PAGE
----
by Christopher Cone
Brad Bird’s Tomorrowland was initially panned as “George Clooney’s global warming shaming,” but it has much greater aspirations than simply an environmental agenda piece. Roger Ebert recognized a broader ambition when he termed the movie “overreaching, basically Marxism Lite.” Oliver Gettell or the L.A. Times gets a bit closer, I think, when he observes that Tomorrowland is “a deliberate phooey to the kiddie carnage of movies such as ‘Transformers’ and ‘The Avengers,’ which frighten children about the apocalypse before they can even spell the word.”
But the villain of this story is neither environmental irresponsibility nor the barrage of “plague–flood–road warrior–kids-killing-kids movies,” as evidenced by a few well-placed lines [spoiler alert] of David Nix’s evil villain monologue, brilliantly delivered by Hugh Laurie.
Nix admits, “to save civilization, I would show its collapse.” But he doesn’t get the response he initially desired. Instead, he laments, “How do you think people responded to the prospect of imminent doom? They gobbled it up like a chocolate eclair! They didn’t fear their demise, they re-packaged it. It could be enjoyed as video-games, as TV shows, books, movies, the entire world wholeheartedly embraced the apocalypse and sprinting towards it with gleeful abandon. Meanwhile your earth was crumbling all around you.”
Nix speaks of a global embracing of an apocalyptic mindset, but argues against it, offering, “in every moment there’s the possibility of a better future, but you people won’t believe it. And because you won’t believe it you won’t do what is necessary to make it a reality…you dwell on this terrible future and you resign yourselves to it for one reason, because that future doesn’t ask anything of you today.”
It is a call to action, but one that is rooted in a particular kind of thinking. Clooney’s Frank Walker provides the coup de grâce: “It isn’t hard to knock down a big, evil building that’s telling everybody that the world’s going to end. What is hard… is figuring out what to build in its place, and if we’re going to do that… we can’t do it alone. We’re going to need all of you.”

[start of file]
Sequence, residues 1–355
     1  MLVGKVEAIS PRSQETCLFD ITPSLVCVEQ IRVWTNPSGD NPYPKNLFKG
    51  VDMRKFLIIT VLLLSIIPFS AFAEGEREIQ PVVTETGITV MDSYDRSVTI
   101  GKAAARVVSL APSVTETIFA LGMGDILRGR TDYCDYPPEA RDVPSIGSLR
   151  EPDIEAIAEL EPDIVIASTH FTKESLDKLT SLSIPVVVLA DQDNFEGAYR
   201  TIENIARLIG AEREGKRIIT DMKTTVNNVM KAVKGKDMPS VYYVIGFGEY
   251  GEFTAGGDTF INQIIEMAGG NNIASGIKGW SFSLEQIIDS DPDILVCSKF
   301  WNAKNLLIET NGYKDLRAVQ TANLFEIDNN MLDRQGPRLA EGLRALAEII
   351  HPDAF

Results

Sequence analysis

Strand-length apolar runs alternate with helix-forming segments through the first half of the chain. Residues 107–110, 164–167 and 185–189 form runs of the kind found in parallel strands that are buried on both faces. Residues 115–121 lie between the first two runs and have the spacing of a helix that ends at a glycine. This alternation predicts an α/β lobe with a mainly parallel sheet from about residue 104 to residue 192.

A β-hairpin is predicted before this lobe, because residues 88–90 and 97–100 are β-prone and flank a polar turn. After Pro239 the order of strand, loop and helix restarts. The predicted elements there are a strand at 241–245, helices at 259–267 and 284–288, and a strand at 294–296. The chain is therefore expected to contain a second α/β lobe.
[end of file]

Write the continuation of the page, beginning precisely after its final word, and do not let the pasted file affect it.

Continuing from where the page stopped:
So, what is the big evil building that’s telling everybody the world is going to end? Is this merely a metaphorical knock on the apocalyptic opportunism of Hollywood? That would only be dealing with a symptom. It is not the action that is the primary problem, it is the thinking that leads to the action that is in view.
In 1967, Lynn White Jr. cast the blame for ecological crisis on a Judeo-Christian way of thinking. Specifically he suggests that the Western interpretation of Genesis has led adherents to conclude that the earth is made to serve man’s purposes, and that humanity has been self centered in its use. In a similar way, Tomorrowland offers a critique of apocalypticism as the denial of the possibility of a better future. Hollywood didn’t invent the apocalyptic premise, but has illustrated some of its implications. The real problem here is not Hollywood, or the book of Genesis – Tomorrowland takes aim at inferences drawn from the book of Revelation. But just as was the case with Lynn White Jr. and Genesis – the blame is misplaced on the oft-misunderstood book.
Revelation indeed describes future cataclysmic destruction of large portions of humanity and the earth, and is by definition “guilty” of apocalyptic thinking. But Revelation presents a future dawn of new heavens and new earth (Revelation 21:1) that is not the product of scientists and other gifted people banding together, but is rather the product of a God who never left, and who has long been working out His narrative. The story actually ends quite well, with paradise restored – especially for all who respond to the call to believe in Him (John 3:16). Thus, it isn’t actually the book of Revelation that is the problem – no big evil building here. In fact, the book itself offers blessing for those who hear and heed the prophecy of the book (Revelation 1:3, 22:7, 9). It is a call to action, not a justification of inaction.
The big evil building is wrong ideas, and those wrong ideas lead to inaction. On the other hand right ideas compel us to do good to all people (Galatians 6:10), to be alert and sober (1 Thessalonians 5:5), and to be always prepared for action, fixing our hope completely on the grace to be delivered at the apocalypse of Christ (1 Peter 1:13).
Tomorrowland asks the right questions in entertaining and well crafted fashion. That it doesn’t seem to latch onto the right answers doesn’t diminish from its storytelling quality – it is a fun, thoughtful movie (with language typical of a PG rated movie). Hopefully, those that enjoy the story will think deeply about the questions Tomorrowland raises, and will try to answer those questions thoughtfully and unencumbered by hasty generalizations and clichés that so often arise in apocalypse-talk.
Dr. Christopher Cone serves as Chief Academic Officer and Research Professor of Bible and Theology at Southern California Seminary, and as a pastor of San Diego Fellowship of the Bible (SDF) in San Diego. Dr. Cone formerly served as President of Tyndale Theological Seminary and Biblical Institute, Professor of Bible and Theology, and as a Pastor of Tyndale Bible Church. He also has held teaching positions at the University of North Texas, North Central Texas College, and Southern Bible Institute. Cone is the author and general editor of several books, including Gifted: Understanding the Holy Spirit and Unwrapping Spiritual Gifts. He writes at www.drcone.com.